TALKING POINTS EXPLORED IN BONNIE'S NOVELS
- Secret codes embedded and transmitted in music
- The Holocaust or the Rwandan genocide and the impact such atrocities have on the world
- Total war and scorched earth policies that desecrate future generations
- The devastating effect of the anti-malaria drug— Mefloquine or by its brand name Larium—on our military forces
- The power of forgiveness needed to create working models of peace
Overview of the Trilogy of Treason
My vision is to write about heroines who overcome betrayal and perilous odds to find lasting love in 20th Century stories that explore the covert world of espionage and political intrigue found in wartime settings.
Each story in the trilogy involves readers in atrocities the victims can never forget. Each novel can stand alone, yet the main characters including the arch villain established in Book One continue their lives through the trilogy.
Book One: The Consummate Traitor ”Service before Self”A fictional disclosure of Churchill’s race with Hitler to develop the first atomic bomb in WWII when one woman’s secret mission is betrayed and her best friend is sacrificed to replace her at the final rendezvous with the Resistance. Features Lee Talbot, her daughter Kendra Talbot, Lady Grace Radcliffe, Morgan Saunders, Eric von Lohren and Ludwig Ketmann.
Book Two: Covert Denial “Truth before Service”
In the blood-soaked hills of Rwanda, the secret lies of a broadcaster’s parents set her in the crosshairs of an assassin as she investigates an experimental anti-malarial drug issued to UN peacekeepers during their Rwandan mission in 1994. Features Kendra Warren, Lady Grace Radcliffe, Eric von Lohren, Lee Talbot, Morgan Saunders and Ludwig Ketmann. through the two sequels.
Book Three: The Odonata Ring “Justice and Forgiveness”
This novel traces the betrayal of Russian Mennonites at the end of the Second World War during an American investigative journalist’s hunt for former Nazi war criminals implanted by the CIA in positions of NATO power during the Cold War. Features Lee Talbot, Morgan Saunders and Ludwig Ketmann.
Each novel develops a love story within the context of intrigue and suspense.
Archived Press Releases
The Holocaust lives on
Horses and music motifs in new WWII spy story
A World War II spy thriller with more twists than a rotini!
TV Interview with ex-teacher
Quotes from previous interviews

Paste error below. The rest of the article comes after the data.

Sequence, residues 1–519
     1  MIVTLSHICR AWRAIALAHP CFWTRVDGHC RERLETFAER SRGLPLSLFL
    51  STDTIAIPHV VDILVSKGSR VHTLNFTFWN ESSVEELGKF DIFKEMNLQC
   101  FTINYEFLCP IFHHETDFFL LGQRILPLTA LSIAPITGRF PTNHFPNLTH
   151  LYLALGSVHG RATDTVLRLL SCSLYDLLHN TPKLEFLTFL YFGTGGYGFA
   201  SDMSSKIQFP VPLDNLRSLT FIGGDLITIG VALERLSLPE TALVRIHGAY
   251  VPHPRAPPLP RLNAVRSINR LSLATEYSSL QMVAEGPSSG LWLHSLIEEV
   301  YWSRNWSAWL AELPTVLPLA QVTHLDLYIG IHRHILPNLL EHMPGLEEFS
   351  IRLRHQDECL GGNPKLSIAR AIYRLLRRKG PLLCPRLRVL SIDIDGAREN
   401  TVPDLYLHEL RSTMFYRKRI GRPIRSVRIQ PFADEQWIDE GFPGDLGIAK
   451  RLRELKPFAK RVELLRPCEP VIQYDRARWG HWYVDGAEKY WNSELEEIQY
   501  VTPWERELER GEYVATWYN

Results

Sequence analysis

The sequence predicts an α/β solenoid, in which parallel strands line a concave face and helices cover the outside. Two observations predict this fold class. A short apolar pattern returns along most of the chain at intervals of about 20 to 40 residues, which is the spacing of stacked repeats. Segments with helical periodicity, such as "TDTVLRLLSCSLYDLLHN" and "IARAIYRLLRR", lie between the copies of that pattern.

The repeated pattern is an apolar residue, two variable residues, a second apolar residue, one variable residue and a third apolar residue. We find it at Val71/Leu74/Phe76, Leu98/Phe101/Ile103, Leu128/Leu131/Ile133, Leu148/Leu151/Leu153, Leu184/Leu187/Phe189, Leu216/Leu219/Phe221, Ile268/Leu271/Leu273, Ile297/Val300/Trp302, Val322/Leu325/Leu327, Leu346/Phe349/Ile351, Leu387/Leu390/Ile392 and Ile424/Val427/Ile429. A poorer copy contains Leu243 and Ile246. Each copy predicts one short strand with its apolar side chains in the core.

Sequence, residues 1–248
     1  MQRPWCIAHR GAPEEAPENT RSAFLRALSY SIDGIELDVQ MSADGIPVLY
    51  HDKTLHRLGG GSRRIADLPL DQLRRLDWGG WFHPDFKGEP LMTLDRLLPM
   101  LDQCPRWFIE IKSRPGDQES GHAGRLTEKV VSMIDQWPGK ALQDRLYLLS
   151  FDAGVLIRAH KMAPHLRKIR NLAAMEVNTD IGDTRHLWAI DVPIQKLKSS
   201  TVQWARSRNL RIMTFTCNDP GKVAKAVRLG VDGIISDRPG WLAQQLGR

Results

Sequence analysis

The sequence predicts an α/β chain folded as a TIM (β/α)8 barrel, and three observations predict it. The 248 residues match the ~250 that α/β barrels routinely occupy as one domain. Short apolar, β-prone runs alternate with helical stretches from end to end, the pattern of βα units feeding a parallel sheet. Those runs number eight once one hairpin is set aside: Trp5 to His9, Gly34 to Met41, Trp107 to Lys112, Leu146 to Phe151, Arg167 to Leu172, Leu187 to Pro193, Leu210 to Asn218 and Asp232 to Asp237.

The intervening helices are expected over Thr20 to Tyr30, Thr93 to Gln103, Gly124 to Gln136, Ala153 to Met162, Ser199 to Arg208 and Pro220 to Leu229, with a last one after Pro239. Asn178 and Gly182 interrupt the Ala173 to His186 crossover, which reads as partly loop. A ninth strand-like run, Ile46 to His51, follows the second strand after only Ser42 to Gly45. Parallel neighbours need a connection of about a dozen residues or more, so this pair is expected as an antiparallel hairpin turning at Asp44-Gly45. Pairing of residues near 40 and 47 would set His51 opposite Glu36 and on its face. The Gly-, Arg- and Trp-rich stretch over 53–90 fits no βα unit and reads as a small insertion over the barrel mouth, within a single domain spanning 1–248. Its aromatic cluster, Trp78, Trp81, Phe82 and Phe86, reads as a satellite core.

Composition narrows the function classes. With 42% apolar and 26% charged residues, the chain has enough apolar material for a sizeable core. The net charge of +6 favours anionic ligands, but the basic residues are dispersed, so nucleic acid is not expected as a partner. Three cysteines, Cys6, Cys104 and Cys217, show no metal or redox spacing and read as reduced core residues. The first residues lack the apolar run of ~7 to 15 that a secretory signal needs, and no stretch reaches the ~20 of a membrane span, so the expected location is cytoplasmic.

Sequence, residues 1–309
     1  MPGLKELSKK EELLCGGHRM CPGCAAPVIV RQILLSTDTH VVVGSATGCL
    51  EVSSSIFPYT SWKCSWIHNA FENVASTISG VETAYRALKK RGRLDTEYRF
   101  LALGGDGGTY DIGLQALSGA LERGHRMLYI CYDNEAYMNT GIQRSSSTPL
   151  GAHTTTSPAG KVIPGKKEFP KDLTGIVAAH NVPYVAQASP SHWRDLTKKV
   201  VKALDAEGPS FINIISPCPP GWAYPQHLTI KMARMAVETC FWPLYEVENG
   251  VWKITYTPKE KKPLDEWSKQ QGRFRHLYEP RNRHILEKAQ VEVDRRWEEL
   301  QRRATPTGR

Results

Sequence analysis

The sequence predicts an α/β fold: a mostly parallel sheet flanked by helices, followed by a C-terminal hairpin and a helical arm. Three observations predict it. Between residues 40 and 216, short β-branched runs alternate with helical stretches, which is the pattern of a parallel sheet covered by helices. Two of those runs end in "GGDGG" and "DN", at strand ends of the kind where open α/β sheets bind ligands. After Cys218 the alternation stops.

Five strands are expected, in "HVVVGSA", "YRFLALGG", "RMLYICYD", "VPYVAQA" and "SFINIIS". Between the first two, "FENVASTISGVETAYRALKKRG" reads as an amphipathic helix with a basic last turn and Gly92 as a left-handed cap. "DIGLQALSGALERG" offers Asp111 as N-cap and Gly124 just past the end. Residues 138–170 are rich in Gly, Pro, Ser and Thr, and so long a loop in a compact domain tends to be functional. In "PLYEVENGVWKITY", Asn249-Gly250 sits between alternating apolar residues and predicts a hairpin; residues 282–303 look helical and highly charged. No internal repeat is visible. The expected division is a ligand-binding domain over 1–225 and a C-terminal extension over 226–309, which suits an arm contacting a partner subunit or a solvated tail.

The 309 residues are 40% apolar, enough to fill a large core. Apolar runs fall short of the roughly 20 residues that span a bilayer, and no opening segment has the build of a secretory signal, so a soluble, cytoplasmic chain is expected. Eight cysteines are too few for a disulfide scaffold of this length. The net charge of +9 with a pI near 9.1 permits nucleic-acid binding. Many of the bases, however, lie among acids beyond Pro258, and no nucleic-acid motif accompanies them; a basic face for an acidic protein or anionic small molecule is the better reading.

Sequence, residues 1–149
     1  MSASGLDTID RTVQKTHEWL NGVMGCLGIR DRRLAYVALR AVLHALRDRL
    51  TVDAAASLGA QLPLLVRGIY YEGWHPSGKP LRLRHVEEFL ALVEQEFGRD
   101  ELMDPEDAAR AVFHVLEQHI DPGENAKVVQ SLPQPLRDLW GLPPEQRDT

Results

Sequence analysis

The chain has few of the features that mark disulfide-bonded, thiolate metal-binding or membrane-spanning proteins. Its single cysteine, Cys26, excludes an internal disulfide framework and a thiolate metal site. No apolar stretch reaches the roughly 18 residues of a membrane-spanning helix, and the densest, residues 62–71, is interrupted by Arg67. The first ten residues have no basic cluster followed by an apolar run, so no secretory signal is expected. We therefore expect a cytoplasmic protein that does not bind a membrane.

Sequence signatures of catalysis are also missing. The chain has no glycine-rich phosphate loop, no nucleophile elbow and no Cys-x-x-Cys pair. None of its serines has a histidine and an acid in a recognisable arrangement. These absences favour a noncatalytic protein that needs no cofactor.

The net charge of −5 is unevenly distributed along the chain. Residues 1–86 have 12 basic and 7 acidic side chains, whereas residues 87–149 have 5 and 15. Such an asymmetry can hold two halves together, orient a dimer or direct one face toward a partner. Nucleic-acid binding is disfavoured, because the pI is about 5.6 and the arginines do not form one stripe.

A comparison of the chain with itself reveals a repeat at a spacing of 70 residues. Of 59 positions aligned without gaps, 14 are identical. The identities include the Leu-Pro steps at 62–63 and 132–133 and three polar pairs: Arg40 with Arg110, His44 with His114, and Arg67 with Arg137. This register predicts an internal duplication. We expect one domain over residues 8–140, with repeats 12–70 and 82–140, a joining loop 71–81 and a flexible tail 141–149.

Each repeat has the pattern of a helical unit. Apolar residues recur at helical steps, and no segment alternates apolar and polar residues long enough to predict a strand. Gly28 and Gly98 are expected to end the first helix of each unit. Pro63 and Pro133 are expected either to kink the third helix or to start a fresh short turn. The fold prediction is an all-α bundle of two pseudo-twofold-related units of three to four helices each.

Do you prefer to have an entire outline, plot, etc. mapped out before you put a pen to paper, or is it something that unfolds as it happens and takes you places you hadn’t expected?
When I began writing fiction, I had no idea where the story was going. Three quarters of the way to the finish, I still didn’t know who the traitor was going to be. One night, I woke up at four o’clock in the morning and saw the end. Then I couldn’t write fast enough to get there. I wrote my first story outline when I had to submit a query to a publisher. For me, I think it was a trick of my subconscious. If I had known the end at the beginning, I don’t know if I would have had the perseverance to keep going to the last line because writing can be a grueling exercise. Now that I’ve worked through my first novel and have come to love the process, there are shapes of new stories forming in my head, but again, the focus is on the central characters and the directions their lives take. I’ve always enjoyed suspense novels, so mystery and suspense will be consistent elements in future books.
There’s one piece of advice I would like to pass on to other writers tackling their first novel. Colleen Dimson, a book editor who helped me understand how to structure a novel, advised me to read Vladmir Nabokov’s Lectures on Literature. I’ll always be sorry that I didn’t have a chance to attend his classes, for he instills a tremendous love for literature in the reader and the writer with his inspiring treatment of critical analysis.
Your book was especially interesting because of the era you chose – World War Two – and the obvious research that went into it. What made you choose WW II and the Nazi influence in Europe as a theme?
In my earliest memory, I recall my mother and babysitter talking about the rationing of butter, and my favorite uncle was a fighter pilot. Two of my music teachers were also involved. One fought with the Dutch Resistance, and the other was an actual spy posing as a church organist in Berlin throughout the war. They were such humble people it was difficult imagining them as secret operatives capable of killing anyone if they had to. Their stories are not depicted in my novel, but the use of music in the secret operations plays a big part as well as the essence of my teachers’ wonderful character and faith.